03:19

code that will give us the style of the image.

03:23

Then, this code is decoded to generate a new version of the initial image, simply filling

03:28

the missing parts with new information following the same style present in the encoded information.

03:34

And voilà!

03:36

You have your new frame and its reverse depth map.

03:39

You can now simply repeat the process over and over to get all future frames, which now

03:43

looks like this.

03:45

Using this output as input in the next iteration, you can produce an infinity of iterations,

03:50

always following the wanted viewpoint and the precedent frame context!

03:53

photo: fig 2 -> repeat [step 3...] -> video examples

03:54

As you know, such powerful algorithms frequently need data and annotation to be trained on,

03:59

and this one isn't the exception.

04:01

To do so, they needed aerial footage of nature taken from drones, which they took from youtube,

04:07

manually curated, and pre-processed them to create their own dataset.

04:11

Fortunately for other researchers wanting to attack this challenge, you don't have to

04:15

do the same thing since they released this dataset of aerial footage of natural coastal

04:20

scenes used to train their algorithm.

04:21

It is available for download on their project page, which is linked in the description below.

04:26

As I mentioned, you can even try it yourself as they made the code publicly available,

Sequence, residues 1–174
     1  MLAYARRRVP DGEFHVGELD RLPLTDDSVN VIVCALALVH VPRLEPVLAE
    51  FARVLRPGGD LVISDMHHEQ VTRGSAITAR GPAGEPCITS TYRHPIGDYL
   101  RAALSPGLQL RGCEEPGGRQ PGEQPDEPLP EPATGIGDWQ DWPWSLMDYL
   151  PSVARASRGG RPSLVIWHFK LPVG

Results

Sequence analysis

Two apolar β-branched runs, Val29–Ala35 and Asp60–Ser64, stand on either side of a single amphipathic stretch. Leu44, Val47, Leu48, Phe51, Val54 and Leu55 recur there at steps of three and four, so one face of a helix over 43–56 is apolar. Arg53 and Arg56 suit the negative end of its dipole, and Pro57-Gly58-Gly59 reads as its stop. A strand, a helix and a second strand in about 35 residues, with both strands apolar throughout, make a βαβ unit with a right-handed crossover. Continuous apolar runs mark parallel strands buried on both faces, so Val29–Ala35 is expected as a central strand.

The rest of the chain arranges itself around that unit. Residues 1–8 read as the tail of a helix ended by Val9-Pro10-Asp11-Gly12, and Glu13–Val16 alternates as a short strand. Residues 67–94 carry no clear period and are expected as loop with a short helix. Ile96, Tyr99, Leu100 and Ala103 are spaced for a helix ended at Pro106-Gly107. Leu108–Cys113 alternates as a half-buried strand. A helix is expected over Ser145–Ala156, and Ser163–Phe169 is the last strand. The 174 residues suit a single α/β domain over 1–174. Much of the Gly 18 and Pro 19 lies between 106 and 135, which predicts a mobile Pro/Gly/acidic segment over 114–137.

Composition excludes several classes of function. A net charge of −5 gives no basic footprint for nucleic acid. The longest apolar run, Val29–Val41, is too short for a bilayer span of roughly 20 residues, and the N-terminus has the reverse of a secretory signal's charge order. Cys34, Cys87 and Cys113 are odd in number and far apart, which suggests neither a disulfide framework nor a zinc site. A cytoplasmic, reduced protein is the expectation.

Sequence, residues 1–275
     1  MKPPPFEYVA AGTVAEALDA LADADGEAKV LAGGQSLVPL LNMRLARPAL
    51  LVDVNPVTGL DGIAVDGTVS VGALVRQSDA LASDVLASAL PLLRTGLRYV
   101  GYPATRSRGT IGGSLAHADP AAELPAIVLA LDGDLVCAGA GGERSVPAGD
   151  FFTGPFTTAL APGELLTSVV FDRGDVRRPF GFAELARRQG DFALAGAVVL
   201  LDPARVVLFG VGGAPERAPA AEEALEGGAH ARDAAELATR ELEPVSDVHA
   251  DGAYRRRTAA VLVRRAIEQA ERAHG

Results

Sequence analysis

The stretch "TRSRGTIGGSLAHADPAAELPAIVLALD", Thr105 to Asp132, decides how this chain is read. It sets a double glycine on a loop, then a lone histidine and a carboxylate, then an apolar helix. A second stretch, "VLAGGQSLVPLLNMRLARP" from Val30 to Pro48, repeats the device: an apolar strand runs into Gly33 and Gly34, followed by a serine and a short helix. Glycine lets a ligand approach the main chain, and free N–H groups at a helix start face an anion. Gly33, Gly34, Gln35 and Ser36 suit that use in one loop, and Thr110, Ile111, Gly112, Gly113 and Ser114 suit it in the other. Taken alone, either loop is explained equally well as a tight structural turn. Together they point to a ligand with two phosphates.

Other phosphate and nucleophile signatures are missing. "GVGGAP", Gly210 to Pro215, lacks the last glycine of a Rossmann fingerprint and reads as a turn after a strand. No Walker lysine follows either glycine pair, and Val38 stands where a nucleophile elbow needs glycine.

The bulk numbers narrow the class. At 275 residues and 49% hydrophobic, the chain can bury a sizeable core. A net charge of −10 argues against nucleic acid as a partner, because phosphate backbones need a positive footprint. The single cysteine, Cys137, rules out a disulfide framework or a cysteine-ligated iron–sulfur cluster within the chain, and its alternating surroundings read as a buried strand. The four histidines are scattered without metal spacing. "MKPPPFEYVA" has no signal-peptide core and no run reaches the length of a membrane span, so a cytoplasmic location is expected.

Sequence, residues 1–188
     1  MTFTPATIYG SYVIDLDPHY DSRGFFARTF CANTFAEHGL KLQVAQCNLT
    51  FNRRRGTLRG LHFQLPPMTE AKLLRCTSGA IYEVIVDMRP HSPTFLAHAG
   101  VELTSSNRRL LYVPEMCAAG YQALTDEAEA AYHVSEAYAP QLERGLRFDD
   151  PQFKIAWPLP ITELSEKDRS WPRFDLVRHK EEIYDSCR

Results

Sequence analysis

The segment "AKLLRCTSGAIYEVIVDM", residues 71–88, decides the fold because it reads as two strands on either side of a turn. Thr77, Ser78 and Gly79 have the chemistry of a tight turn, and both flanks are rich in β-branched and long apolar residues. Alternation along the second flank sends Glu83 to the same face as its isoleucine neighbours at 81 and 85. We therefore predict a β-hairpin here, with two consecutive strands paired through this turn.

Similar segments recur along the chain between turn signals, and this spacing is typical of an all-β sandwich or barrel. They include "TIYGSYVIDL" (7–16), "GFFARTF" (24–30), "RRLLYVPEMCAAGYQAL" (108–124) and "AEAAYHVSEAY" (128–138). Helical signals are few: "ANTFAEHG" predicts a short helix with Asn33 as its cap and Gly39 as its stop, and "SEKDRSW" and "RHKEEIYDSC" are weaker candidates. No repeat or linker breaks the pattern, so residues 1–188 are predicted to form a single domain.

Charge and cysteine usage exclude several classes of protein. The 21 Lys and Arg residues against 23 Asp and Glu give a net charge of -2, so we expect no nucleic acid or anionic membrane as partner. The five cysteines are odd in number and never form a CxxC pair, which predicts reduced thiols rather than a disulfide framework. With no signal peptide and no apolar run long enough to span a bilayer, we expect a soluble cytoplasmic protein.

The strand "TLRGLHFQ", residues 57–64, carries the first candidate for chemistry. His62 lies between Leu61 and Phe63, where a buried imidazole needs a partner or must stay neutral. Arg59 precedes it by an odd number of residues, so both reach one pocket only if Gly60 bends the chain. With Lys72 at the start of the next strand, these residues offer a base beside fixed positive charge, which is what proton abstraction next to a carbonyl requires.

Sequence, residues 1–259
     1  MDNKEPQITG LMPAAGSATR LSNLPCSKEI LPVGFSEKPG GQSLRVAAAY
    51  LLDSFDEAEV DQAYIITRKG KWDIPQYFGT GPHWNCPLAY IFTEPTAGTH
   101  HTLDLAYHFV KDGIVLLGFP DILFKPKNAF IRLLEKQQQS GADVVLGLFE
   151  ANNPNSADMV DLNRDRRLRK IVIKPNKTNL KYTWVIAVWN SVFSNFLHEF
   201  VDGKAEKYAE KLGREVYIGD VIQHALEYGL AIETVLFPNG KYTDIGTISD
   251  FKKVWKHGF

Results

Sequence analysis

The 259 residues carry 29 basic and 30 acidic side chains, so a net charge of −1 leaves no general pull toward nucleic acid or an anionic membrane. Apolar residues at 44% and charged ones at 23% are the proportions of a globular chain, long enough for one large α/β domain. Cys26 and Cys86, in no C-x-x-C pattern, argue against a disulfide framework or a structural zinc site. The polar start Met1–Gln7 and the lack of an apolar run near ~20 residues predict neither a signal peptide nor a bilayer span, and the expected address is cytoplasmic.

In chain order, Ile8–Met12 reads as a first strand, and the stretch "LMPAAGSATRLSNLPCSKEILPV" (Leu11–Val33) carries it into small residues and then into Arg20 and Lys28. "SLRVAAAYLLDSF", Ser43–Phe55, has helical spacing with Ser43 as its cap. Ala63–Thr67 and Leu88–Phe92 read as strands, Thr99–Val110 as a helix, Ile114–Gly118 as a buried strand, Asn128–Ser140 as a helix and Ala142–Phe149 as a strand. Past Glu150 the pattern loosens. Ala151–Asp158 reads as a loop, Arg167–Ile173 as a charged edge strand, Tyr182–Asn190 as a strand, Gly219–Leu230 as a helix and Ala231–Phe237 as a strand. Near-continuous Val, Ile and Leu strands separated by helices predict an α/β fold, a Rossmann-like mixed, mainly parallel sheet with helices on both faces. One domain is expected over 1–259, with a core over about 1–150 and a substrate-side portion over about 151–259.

04:31

but they also created a demo you can try right now on google colab.

04:35

The link is in the description below.

04:37

You just have to run the first few cells like this, which will install the code and dependencies,

04:42

load their model, and there you go.

04:44

You can now free-fly around the images they have and even upload your own!

04:48

Of course, all the steps I just mentioned were already there.

04:51

Simply run the code and enjoy!

04:53

You can find the article covering this paper on my newly created website, as well as our

04:58

discord community, my guide to learning machine learning, and more exciting stuff I will be

05:03

sharing on there.

05:04

Feel free to become a free member and get notified of new articles I share!

05:09

Congratulations to the winners of the NVIDIA GTC giveaway, all appearing on the screen

05:13

right now.

05:14

You should have received an email from me with the DLI code!

05:18

Thank you for watching.